Nineteenth-century Russian poet Lermontov had written, "Angry Chechen crawls ashore, sharpening his dagger." This expression had become idiomatic, and is still quite relevant in the post-Soviet space.
The American and European officials have been pledging solidarity with Russia in the so-called global war on terror as they get deeper entrenched in the Middle East and Afghanistan. At the same time, their media mouthpieces, particularly CNN in the U.S. case, have been smirking at "freedom fighters" and "rebels" in the Russian borderlands. This foreign policy schizophrenia (they call it "diplomacy") stems from naïve attempts to democratize the world, on the one hand, and opaque post-sensitivity training, post-colonial rhetoric, on the other. Apart from cultural Marxism, however, there is a bigger, real-politik issue at hand.While the Kremlin obviously does not want to lose access to the natural resources in the North Caucasus, the European and American establishments are motivated by twenty-first century Lebensraum ideology -- the Brzezinski doctrine directed against the Russian control of Eurasia.
In hindsight, it is questionable whether Russia should have gotten involved with the Muslims of the North Caucasus led by Imam Shamil a hundred and fifty years ago in the first place. However, when it comes to geo-historic context, Russian and American frontier drives westward in the 19th century were not as dissimilar as one might think. Therefore, a suggestion to give up control of the North Caucasus to Russians is not unlike arguing that Americans forfeit California, if not all of the southwest, to Mexico. Furthermore, leaving the region certainly does not solve the contemporary problem of the north Caucasian ethnicities living in European parts of the Russian Federation, ranging from service sector workers to wealthy individuals with vast connections in business and politics alike.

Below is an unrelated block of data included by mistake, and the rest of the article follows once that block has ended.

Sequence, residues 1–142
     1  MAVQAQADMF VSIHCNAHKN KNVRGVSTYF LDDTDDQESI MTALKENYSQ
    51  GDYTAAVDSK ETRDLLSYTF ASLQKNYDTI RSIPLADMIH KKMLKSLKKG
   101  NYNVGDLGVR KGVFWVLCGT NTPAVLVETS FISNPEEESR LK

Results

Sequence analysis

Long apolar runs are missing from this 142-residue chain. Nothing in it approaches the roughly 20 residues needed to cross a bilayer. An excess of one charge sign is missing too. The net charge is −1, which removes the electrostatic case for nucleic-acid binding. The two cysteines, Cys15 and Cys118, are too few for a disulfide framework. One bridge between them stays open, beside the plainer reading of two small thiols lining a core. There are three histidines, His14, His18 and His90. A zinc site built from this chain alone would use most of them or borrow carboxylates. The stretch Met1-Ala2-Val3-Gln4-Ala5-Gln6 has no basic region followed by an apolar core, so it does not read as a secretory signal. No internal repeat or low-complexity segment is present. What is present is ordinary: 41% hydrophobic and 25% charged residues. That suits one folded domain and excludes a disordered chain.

Russia's modern variation on its traditional imperial policy in the regions has only been partly successful: the state rebuilt infrastructure, but has not been able to protect the lives of its citizens. "Progressive" Euro-American welfare-state solutions like affirmative-action programs have not worked there either. As a result, suicide bombers target busy subway stations, while Chechen children refuse to learn the Russian language in Muscovite public schools. In London, politicians flirt with Sharia law, as that city gets further ghettoized. In France, second-generation Muslim rioters caused €200 million worth of damage in one year. In Sweden, the number of immigrant-linked rapes has quadrupled over the past twenty years or so. And, in Fort Hood, Texas...
Regional and policy differences aside, the failure to integrate one's own largely native-born Muslim citizens reveals the growing cultural and hyper-religious divide. This clash of civilizations produces people like Sayid the Buryat. The real name of this prominent terrorist is actually ...Aleksander Tikhomirov -- a half-Russian, half-Buryat (Buddhist (or Christian) Siberian-Mongolian ethnic group). He converted to Islam at 15 and left to study jihadist practices in Egypt and Yemen. Upon returning to Russia, he joined other militant fundamentalists in that country's southwestern borderlands.
Tikhomirov had been exterminated by the federal forces in Ingushetia at the beginning of this month. But, more daggers are being sharpened all over Europe.